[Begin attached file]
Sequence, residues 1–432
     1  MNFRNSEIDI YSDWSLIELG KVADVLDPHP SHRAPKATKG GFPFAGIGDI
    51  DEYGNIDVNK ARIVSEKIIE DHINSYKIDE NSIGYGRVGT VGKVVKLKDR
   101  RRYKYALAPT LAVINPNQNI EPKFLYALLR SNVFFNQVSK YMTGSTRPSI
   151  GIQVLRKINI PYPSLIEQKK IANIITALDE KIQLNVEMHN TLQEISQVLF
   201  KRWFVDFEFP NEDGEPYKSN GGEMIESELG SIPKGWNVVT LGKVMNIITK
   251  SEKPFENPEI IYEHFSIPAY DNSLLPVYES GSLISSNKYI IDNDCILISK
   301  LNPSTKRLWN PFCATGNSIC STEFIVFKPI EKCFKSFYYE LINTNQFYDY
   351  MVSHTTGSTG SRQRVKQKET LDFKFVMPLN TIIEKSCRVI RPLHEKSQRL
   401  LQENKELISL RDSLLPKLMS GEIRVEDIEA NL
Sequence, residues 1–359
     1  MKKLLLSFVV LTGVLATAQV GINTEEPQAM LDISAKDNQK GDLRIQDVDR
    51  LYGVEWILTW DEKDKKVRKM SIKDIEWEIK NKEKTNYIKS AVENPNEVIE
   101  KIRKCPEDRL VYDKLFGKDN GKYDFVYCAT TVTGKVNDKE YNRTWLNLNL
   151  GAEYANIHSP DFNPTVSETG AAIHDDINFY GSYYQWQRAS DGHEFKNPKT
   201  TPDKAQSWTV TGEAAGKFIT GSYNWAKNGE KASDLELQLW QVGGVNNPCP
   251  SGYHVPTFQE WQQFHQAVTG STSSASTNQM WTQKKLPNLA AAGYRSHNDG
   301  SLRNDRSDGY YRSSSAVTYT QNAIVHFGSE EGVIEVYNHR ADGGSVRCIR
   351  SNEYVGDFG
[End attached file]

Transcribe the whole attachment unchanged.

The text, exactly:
Sequence, residues 1–432
     1  MNFRNSEIDI YSDWSLIELG KVADVLDPHP SHRAPKATKG GFPFAGIGDI
    51  DEYGNIDVNK ARIVSEKIIE DHINSYKIDE NSIGYGRVGT VGKVVKLKDR
   101  RRYKYALAPT LAVINPNQNI EPKFLYALLR SNVFFNQVSK YMTGSTRPSI
   151  GIQVLRKINI PYPSLIEQKK IANIITALDE KIQLNVEMHN TLQEISQVLF
   201  KRWFVDFEFP NEDGEPYKSN GGEMIESELG SIPKGWNVVT LGKVMNIITK
   251  SEKPFENPEI IYEHFSIPAY DNSLLPVYES GSLISSNKYI IDNDCILISK
   301  LNPSTKRLWN PFCATGNSIC STEFIVFKPI EKCFKSFYYE LINTNQFYDY
   351  MVSHTTGSTG SRQRVKQKET LDFKFVMPLN TIIEKSCRVI RPLHEKSQRL
   401  LQENKELISL RDSLLPKLMS GEIRVEDIEA NL
Sequence, residues 1–359
     1  MKKLLLSFVV LTGVLATAQV GINTEEPQAM LDISAKDNQK GDLRIQDVDR
    51  LYGVEWILTW DEKDKKVRKM SIKDIEWEIK NKEKTNYIKS AVENPNEVIE
   101  KIRKCPEDRL VYDKLFGKDN GKYDFVYCAT TVTGKVNDKE YNRTWLNLNL
   151  GAEYANIHSP DFNPTVSETG AAIHDDINFY GSYYQWQRAS DGHEFKNPKT
   201  TPDKAQSWTV TGEAAGKFIT GSYNWAKNGE KASDLELQLW QVGGVNNPCP
   251  SGYHVPTFQE WQQFHQAVTG STSSASTNQM WTQKKLPNLA AAGYRSHNDG
   301  SLRNDRSDGY YRSSSAVTYT QNAIVHFGSE EGVIEVYNHR ADGGSVRCIR
   351  SNEYVGDFG